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Have they released any good topographic data yet?
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djellison
post Oct 25 2012, 09:24 PM
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Lots - http://geo.pds.nasa.gov/missions/messenger/mla.htm - just not a gridded data set yet.
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Phil Stooke
post Oct 25 2012, 09:46 PM
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It's worth pointing out that the Mercury Laser Altimeter data will only cover the northern hemisphere because of the shape of MESSENGER's orbit. The topography of the whole planet will be done with stereo imaging, at higher resolution but less accurate vertical control. The laser data will then improve the vertical accuracy in the northern hemisphere. The southern hemisphere will get a bit of additional vertical accuracy from limb profiles (including from the early fly-bys) and occultations. The final result will be a good data set but not all from the one instrument.

Phil


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Ittiz
post Oct 26 2012, 01:20 PM
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Yeah, I've seen that data. So basically it's going to be a wait before we get good topographical data for the whole globe.
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peter59
post Mar 13 2013, 09:41 PM
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MESSENGER MDIS Release #9 is now available. (2012 day 86 - 2012 day 261)
http://pdsimg.jpl.nasa.gov/index.html

Lots of wonderful images like this:
Attached Image


And specific software for quick viewing of this data set:
Attached File  MessengerViewer.zip ( 277.73K ) Number of downloads: 107


Enjoy.


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nprev
post Mar 13 2013, 10:52 PM
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That pic is a jaw-dropper, Peter!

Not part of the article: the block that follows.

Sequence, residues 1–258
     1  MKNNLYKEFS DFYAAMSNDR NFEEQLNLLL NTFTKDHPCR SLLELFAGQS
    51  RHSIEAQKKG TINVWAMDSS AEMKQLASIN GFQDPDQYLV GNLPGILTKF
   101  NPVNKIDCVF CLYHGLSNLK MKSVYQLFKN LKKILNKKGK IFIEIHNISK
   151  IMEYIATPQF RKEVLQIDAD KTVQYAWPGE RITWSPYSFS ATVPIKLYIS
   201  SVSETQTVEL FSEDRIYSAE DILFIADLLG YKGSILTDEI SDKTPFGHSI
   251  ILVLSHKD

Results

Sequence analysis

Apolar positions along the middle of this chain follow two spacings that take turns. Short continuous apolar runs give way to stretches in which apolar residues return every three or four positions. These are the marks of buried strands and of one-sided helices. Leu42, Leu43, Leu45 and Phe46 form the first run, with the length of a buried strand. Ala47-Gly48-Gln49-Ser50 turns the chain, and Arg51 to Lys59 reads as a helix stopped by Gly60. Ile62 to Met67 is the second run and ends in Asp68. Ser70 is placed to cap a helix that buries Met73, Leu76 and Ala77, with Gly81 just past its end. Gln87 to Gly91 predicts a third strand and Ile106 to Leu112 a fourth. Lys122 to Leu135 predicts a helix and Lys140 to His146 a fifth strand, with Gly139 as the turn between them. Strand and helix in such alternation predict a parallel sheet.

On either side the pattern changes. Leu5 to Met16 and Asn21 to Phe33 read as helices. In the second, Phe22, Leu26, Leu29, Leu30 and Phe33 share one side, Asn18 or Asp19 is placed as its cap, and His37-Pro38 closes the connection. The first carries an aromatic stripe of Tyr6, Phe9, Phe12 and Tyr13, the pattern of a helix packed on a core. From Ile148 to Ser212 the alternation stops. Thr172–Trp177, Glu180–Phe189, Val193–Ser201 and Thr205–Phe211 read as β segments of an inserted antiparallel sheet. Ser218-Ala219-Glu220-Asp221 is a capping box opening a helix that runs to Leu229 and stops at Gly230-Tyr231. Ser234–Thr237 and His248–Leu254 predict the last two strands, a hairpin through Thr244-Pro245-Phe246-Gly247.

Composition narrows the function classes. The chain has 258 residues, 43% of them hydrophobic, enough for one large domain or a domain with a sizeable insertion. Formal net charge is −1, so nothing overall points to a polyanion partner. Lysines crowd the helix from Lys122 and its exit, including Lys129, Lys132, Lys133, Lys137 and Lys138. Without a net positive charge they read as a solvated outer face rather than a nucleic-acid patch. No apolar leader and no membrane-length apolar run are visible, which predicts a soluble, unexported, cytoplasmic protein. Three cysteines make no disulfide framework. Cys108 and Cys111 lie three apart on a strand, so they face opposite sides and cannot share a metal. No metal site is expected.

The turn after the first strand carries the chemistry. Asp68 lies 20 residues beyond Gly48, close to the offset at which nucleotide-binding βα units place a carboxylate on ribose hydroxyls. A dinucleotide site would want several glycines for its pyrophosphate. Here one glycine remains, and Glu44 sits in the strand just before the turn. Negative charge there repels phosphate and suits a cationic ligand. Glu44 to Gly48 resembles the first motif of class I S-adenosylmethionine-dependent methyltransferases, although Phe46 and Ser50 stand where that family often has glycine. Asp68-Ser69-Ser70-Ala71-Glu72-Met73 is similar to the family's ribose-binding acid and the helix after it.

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Explorer1
post Mar 14 2013, 05:22 AM
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Absolutely bizarre. And probably the best views we'll get in a long time. Any news about extending the mission past the 17th?
Edit: see http://messenger.jhuapl.edu/gallery/scienc...p;image_id=1115 for reasons for the mission to continue: 100% coverage is just the start....
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peter59
post Mar 8 2014, 12:08 PM
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Images from Messenger's narrow angle camera are better and better every batch. If you want to see the surface of Mercury as seen from an airplane window, you can download the latest batch (days 2013-79 to 2013-260) from http://pdsimg.jpl.nasa.gov/index.html, rotate the images 90 degrees to the right, and go on a wonderful journey.
A few randomly selected images (day 2013-189).
Attached Image
Attached Image
Attached Image


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peter59
post Mar 8 2014, 02:38 PM
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Unique close-up look at the chains of secondary craters. Some look partly buried, it is difficult to say whether immediately after they are created, or later.
Attached Image
Attached Image
Attached Image
Attached Image

Congratulations to the Messenger team for their great job.